Beaune: Fallot mustard, Hotel Dieu & Marche aux Vins
Although Dijon is a famous name for mustards, it’s actually one city in the entire Burgundy area that produces our favorite spicy condiment. When you go to Beaune, as we did, I recommend the Fallot Moutarderie tour.
There was no question that we’d be visiting Fallot, as it is one of the oldest, family-owned artisanal mustard (moutard) makers in Burgundy. And later, we found out that this was a better tour than someone had in Dijon, because Fallot actually showed us how they make it. Not only did they show us, there were interactive components to the tour where we “become the mustard seed,” and go through a simulated process of being shaken and sorted, then rinsed. It was hilarious and well thought out.
Unfortunately, I can’t show you the inside of the factory as they didn’t allow any photos. But I can tell you something that I didn’t know before: not all Dijon mustard is made with French seeds. Many, in fact, import their seeds from Canada and the United States, where the crop is more profitable. (And “Dijon mustard” has now become a generic name, so the mustard is produced in Holland, Japan, and the United States.) Up until WWII, there were many charcoal-burning kilns in Burgundy and the discarded ashes — rich in potash — encouraged the growth of mustard. When demand for industrial charcoal use waned, mustard seed cultivation also dropped off in the area and manufacturers had to find their seeds elsewhere.
In recent years, there has been a resurgence in mustard cultivation in Burgundy, and artisanal producers like Fallot use seeds from the region as well as AOC Burgundy wine in their recipes, in keeping with creating traditional mustard. So, after our tour of the factory, we got to taste their products to see the difference. They make Dijon-style mustard, as well, with Canadian seeds, and it was good to be able to taste the difference. The Fallot traditional mustard was much, much spicier, with more complexity than regular mustard. You really get the tartness of the special wine used (versus regular vinegar) and mustard flavor the way you imagine it’s supposed to taste. Like all artisanal products, a little goes a long way, so you don’t have to slather their mustard on your food to experience it — nor would I recommend it, as too much will make your sinuses explode!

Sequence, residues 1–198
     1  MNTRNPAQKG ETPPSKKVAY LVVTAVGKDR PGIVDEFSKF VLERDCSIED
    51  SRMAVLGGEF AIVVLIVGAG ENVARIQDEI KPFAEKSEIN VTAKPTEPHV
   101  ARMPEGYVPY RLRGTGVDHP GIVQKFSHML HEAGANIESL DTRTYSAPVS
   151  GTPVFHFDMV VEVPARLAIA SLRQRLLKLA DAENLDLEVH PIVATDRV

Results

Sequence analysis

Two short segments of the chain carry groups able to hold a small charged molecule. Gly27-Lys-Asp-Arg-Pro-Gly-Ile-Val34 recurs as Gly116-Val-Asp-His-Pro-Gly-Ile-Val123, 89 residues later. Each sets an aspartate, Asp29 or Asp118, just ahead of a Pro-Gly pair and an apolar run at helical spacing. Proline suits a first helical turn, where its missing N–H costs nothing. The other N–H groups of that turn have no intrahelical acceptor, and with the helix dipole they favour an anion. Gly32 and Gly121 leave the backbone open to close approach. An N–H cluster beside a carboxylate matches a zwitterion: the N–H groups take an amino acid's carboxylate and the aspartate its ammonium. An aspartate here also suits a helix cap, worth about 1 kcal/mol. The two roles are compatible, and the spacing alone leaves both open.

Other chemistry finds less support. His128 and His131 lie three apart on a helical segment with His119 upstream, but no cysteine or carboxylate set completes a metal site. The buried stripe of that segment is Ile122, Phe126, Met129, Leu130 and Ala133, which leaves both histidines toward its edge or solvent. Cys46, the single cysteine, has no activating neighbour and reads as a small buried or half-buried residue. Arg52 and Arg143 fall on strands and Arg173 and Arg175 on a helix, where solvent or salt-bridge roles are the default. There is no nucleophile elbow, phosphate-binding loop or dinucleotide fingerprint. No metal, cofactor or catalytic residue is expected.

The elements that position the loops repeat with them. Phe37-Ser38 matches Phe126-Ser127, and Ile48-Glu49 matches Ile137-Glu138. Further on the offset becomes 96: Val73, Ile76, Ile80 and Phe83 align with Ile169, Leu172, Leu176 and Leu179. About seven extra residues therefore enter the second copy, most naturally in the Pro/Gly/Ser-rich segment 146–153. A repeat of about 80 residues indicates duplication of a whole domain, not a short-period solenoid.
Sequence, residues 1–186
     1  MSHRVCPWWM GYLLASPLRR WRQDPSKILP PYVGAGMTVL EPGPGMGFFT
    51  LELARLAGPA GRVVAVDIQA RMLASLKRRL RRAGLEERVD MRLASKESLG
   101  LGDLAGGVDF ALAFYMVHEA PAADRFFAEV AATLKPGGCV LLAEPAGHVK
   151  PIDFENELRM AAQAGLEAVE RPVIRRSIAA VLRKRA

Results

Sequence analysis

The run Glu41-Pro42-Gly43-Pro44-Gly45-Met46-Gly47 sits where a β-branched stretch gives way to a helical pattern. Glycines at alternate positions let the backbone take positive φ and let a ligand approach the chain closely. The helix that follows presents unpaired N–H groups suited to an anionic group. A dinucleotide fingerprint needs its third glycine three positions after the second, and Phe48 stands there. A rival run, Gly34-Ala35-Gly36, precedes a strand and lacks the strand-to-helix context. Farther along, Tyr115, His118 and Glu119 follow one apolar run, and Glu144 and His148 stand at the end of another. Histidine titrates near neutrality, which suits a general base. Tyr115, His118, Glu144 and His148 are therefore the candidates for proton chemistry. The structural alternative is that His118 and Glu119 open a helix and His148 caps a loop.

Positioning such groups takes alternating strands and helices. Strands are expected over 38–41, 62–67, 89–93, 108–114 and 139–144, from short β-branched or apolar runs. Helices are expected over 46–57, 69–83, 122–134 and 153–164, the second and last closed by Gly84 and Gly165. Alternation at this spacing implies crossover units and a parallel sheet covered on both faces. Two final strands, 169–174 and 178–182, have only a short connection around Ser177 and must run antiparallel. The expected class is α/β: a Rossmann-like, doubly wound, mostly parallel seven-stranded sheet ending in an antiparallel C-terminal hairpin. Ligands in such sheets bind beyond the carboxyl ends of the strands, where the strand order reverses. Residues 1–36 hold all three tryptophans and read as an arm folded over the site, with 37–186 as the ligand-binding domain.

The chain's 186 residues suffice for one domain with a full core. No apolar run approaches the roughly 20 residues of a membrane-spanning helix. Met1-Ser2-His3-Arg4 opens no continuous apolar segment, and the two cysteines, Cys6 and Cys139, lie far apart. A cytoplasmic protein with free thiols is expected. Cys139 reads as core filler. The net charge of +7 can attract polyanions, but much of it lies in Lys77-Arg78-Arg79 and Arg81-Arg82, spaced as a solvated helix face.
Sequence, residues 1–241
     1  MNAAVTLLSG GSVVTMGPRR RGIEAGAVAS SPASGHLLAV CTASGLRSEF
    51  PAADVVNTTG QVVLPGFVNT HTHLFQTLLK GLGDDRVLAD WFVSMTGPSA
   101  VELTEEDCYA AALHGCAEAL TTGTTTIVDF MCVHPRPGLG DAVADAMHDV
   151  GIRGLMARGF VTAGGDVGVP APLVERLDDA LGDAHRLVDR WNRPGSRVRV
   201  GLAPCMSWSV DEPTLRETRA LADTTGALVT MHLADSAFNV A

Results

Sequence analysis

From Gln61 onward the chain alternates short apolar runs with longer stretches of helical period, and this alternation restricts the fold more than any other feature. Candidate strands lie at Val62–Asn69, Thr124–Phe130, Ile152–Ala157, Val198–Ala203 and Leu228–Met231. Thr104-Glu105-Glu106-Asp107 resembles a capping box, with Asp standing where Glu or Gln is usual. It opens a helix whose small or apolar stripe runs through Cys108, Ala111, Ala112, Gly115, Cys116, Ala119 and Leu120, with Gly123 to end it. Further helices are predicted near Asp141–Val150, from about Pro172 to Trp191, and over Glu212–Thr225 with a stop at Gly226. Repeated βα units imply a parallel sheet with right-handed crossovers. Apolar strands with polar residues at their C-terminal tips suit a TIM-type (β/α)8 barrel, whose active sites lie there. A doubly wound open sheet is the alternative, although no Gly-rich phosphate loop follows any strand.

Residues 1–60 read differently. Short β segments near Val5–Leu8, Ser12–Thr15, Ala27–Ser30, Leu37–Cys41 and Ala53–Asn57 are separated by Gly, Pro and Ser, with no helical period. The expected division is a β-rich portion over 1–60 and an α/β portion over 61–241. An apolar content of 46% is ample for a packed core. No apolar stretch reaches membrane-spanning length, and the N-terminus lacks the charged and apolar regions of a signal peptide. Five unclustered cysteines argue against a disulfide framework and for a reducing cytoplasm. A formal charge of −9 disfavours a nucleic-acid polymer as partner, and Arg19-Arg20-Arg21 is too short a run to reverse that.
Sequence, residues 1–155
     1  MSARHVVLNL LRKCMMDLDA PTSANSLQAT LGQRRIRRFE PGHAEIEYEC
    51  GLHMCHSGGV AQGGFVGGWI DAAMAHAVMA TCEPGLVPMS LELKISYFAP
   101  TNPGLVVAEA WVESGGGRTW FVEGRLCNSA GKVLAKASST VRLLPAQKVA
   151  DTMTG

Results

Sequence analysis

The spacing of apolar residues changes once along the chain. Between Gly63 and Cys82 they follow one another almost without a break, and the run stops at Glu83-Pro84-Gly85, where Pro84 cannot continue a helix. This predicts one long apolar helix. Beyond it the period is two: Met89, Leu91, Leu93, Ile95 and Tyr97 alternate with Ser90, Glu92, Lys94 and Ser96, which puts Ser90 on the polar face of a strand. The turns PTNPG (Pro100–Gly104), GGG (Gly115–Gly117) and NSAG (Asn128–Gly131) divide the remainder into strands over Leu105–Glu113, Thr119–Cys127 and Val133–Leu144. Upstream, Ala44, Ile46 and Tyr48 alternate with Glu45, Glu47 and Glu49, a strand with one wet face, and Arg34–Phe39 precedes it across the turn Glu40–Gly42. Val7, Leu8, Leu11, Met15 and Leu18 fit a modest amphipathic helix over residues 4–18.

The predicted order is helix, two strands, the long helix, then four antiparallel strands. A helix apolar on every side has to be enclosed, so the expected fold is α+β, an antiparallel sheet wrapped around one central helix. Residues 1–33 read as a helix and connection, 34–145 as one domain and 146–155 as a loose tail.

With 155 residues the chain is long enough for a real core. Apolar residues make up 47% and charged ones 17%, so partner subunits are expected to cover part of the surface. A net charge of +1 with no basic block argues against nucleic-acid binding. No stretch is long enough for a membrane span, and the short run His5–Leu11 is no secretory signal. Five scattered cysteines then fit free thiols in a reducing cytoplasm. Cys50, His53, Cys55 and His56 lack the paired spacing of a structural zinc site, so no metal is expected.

La Moutaderie Fallot
To book a visit, click here.
The other thing you’ll want to do in Beaune is visit the Hotel Dieu, which is part of the heritage of the Hospices de Beaune, a charitable institution founded in 1443 by Nicolas Rolin, chancellor of the Duke of Burgundy and his wife Guigone Salins. Although the actual hospital has moved to another part of town and is modernized, this landmark in the middle of the city — with its Gothic façades, glazed roofs, covered with geometrical figures with flamboyant colors, is a must-see.
The self-guided audio tour takes you through the halls featuring a vast collection of objects, furniture and tapestries from the 15th century. It’s kind of neat to see how they worked and lived during this time, and the audio tour brings it to life. (My niece Ahnya thought it was hilariously acted out.)
Annodah Dave (who comments on this blog) and my brother in law Stan both mentioned wine tasting at Hotel Dieu, but we couldn’t find any information on it. We did find a link to an annual wine auction in November, which is huge, but nothing on daily tasting. We THINK the wine tasting spot related to Hotel Dieu on a daily basis is at the Marche aux Vins, right in front of the Hospices de Beaune in the ancient Church of Cordelier.
They offer a self-guided, self-pouring tour underground in their caves. You would never find such a thing in the United States, but here we were, two Chinese people in a cave full of wine, pouring ourselves our version of a taste. For 11 euro, you can taste six wines including one Premier Cru; 16 euro, get nine wines including three Premiers Crus; 22 euro, get 10 wines including three Premiers Crus and one Grand Cru; and for 26 euro, get 11 wines including three Premiers Crus and two Grands Crus. No matter which you choose, you get to keep the glass as a souvenir.
I don’t know if they have attendants in the caves during high season, but here the place was pretty much empty so we could get seconds of the ones we liked. Oh, the tour was interesting, too.
To be honest, you probably can do more tasting (and with high quality wines) in the Burgundy countryside if you have a car and can head out to the actual wineries. But if you are without a car, as we were, you can still get a good variety of wine tasting right in walking distance of each other in Beaune.
Marche aux Vins
7 Rue de l’Hotel-Dieu
33 3 80 25 08 20
Tomorrow I’ll show you what we did at a wine class (which is what we should have done first, but was interesting nonetheless), the wine museum, and a tasting at Patriarche!